The world rhythm is provided by Gary Azucx wonderful djembe. The atmosphere gets proggy when Phil Manzanera's guitar joins in at half-time. Chucho Merchan's bass provides some great licks. Finally Robert Wyatt's voice which is as airy, angelic, asexual, androgynous and all-encompassing as it can get does make this the stand-out track of the album.
Out of Season is a sketch on bird watching. A long 17+ syllables haiku on a young sparrow bathing next to the mail box. How I love that complementary marriage of trombone and trumpet. Impressionism at its best.
A Sunday in Madrid is the song I like least on the album. A long spoken word report on a visit to Madrid. Too long.
Blues in Bob minor is Robert's version of Bob major's Subterranean Homesick Blues. Where the weatherman becomes a weather girl. Much more upbeat, much more danceable. Best cover ever. Apparently Wyatt forgot the words of the original, wanted to sing some repetitive lines and his wife said no. So he reinvented and improved the original. A true original this man.
Then comes The Whole Point of No Return. Like a Tibetan monk choir humming something in the spirit of "Om". There is no better way to finish this album.
Here is the overview of the series 40 years, 40 albums of which part XIV was this post.
nonightsweats, January 18, 2005 at 9:12:05 AM CET
yes, it's a lovely album but i don't think it's worn so well over the years. still and all the great tracks really are great. i think 'was a friend' is about ratledge and unreconciled animosity but, really, who knows for sure.
alex63, January 18, 2005 at 1:04:36 PM CET
i think it wyatt's most consistent album. and his voice is better than on earlier releases, maybe fuller. and in a way it is a timeless record. i am not sure if rock bottom is timeless. i bought it much later in the early nineties but i never got into it. it definitely has got this 70s jazzrock/progrock sound which i have heard too often in those years. and the first song puts me off. i love the first album, end of an ear as well but it is maybe a little too freaked out for frequent listening. when wyatt does either political songs (except shipbuilding of course) or sings in spanish or both he often loses me. and that was what he did on all the releases of the 80s i have, even on dondestan which has its moments though. i also like old rottenhat. even the political songs on that one. because they have punch, i guess.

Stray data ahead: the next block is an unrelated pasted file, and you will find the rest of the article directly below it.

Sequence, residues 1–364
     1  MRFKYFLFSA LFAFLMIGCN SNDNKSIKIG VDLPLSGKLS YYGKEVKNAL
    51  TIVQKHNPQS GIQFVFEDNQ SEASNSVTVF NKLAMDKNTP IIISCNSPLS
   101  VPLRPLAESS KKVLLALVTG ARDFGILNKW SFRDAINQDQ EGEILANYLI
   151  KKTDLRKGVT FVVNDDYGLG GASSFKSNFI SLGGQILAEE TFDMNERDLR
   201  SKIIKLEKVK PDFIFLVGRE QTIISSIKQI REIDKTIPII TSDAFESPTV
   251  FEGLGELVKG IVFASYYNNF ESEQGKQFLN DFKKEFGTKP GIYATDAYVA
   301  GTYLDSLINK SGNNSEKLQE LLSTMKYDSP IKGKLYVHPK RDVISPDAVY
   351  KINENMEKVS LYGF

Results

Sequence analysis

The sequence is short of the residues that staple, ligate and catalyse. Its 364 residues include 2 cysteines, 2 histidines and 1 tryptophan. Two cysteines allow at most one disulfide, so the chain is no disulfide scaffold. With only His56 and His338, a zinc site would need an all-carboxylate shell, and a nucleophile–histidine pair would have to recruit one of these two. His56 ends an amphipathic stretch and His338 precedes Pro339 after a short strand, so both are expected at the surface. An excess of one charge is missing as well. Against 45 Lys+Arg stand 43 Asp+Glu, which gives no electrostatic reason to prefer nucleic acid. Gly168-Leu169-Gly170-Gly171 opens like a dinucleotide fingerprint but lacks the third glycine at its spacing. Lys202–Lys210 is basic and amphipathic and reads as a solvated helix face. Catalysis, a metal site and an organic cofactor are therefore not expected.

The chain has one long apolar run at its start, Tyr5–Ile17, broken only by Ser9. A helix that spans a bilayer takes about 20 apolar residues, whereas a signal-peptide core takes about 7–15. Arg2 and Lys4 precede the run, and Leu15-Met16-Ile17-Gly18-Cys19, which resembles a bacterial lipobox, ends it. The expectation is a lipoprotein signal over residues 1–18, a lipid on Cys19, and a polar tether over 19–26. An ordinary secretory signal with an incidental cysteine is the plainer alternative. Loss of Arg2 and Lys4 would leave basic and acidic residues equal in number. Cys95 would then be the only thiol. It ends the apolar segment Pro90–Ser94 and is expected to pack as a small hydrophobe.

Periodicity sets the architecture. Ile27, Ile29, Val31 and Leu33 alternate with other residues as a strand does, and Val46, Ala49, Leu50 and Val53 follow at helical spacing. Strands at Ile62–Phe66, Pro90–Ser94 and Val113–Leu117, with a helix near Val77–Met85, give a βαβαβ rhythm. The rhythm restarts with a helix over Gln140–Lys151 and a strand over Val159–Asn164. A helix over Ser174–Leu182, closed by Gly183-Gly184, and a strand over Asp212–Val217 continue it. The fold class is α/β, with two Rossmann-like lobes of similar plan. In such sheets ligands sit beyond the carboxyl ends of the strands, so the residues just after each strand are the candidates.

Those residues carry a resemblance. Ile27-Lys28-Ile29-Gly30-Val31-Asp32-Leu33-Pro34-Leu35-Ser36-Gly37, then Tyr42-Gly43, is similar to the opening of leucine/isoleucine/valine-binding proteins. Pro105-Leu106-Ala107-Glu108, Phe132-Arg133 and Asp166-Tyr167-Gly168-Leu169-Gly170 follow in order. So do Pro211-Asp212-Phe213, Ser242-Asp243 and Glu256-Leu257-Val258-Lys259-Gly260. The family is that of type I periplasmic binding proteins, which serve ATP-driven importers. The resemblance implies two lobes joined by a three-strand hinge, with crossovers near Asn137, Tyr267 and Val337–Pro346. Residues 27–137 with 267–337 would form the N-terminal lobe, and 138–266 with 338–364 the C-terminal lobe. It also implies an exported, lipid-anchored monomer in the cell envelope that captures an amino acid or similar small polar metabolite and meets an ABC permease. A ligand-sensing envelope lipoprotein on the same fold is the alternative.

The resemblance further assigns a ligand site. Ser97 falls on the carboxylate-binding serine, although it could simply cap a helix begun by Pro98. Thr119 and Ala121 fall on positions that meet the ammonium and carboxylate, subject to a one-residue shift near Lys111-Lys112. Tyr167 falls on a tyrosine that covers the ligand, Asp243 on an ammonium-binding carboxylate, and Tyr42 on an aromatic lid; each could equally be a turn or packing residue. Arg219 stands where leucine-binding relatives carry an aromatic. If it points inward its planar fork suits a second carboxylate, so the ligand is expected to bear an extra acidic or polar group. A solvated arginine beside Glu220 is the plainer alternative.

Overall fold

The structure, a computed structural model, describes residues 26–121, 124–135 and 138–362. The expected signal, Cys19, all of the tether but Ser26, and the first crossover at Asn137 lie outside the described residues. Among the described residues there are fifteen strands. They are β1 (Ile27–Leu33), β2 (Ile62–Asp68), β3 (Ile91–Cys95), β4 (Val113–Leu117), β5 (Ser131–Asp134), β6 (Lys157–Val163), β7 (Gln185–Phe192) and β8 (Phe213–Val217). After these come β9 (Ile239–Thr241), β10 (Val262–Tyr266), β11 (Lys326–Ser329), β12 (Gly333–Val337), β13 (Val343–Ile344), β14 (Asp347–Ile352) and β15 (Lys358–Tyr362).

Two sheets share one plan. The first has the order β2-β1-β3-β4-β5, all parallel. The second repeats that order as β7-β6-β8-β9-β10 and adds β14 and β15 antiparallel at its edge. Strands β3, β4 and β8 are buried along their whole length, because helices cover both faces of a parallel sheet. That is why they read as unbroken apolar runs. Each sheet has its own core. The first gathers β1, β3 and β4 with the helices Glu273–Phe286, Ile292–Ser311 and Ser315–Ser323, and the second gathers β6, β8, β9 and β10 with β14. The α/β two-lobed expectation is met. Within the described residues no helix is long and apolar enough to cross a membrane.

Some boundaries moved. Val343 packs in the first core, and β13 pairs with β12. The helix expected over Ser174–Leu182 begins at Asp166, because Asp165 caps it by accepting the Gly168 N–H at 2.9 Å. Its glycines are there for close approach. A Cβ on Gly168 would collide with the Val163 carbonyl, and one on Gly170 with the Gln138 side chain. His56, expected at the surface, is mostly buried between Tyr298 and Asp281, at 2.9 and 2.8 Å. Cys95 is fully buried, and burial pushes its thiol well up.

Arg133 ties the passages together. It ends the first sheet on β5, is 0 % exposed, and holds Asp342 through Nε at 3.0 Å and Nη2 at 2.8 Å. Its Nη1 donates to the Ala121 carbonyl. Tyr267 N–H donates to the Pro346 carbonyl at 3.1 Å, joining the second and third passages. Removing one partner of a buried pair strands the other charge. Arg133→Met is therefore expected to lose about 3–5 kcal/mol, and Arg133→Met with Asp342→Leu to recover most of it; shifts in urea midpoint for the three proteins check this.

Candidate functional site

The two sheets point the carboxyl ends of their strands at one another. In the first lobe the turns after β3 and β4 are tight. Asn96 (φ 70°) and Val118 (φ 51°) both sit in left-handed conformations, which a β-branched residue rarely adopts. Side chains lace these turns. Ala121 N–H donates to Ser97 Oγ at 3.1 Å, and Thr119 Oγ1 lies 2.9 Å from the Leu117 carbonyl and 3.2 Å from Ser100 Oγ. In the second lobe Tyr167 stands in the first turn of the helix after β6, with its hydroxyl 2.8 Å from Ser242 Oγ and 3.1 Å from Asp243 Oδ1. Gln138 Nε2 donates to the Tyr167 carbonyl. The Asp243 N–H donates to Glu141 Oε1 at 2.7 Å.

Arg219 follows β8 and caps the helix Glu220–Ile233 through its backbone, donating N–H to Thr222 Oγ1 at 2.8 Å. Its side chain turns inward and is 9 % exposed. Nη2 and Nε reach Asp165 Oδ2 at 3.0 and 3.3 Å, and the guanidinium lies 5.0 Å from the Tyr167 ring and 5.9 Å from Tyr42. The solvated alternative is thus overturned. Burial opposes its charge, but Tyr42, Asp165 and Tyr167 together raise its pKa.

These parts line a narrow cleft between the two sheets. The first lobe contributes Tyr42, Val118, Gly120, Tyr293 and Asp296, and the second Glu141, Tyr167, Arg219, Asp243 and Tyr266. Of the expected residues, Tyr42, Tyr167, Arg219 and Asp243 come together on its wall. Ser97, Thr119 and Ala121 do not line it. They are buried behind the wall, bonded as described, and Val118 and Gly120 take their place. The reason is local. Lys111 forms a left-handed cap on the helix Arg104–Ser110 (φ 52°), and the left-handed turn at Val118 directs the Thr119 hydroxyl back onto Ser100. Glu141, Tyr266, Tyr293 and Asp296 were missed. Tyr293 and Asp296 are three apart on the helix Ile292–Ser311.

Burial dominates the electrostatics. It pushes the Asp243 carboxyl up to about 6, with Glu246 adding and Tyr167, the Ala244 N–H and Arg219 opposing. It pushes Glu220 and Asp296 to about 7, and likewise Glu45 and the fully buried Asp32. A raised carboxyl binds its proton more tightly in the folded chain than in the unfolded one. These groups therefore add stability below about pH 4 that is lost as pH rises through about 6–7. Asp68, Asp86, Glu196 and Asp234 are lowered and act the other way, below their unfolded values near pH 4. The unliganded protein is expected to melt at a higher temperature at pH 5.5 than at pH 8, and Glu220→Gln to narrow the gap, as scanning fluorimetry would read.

nonightsweats, January 18, 2005 at 9:34:13 PM CET
'rock bottom' was a touchstone record for me, coming at the same time as i started expanding my listening experiences so i've always loved it. i hated all the 80s albums even while loving the rough trade singles but have gone back to them more recently and have enjoyed them immensely - oh callow youth. i think he's a truley great artist - one of a kind, always interesting, if sometimes patchy.
leptard, January 20, 2005 at 2:16:06 PM CET
Rock Bottom and its follow-up, Ruth Is Stranger Than Richard, are both old favourites of mine, though I haven't checked out Wyatt's recent stuff. Not too long ago I heard Heaps of Sheeps and enjoyed it though, and I notice that my local music store has some Wyatt stuff available cheap.
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contact: alex63 at bigfoot dot com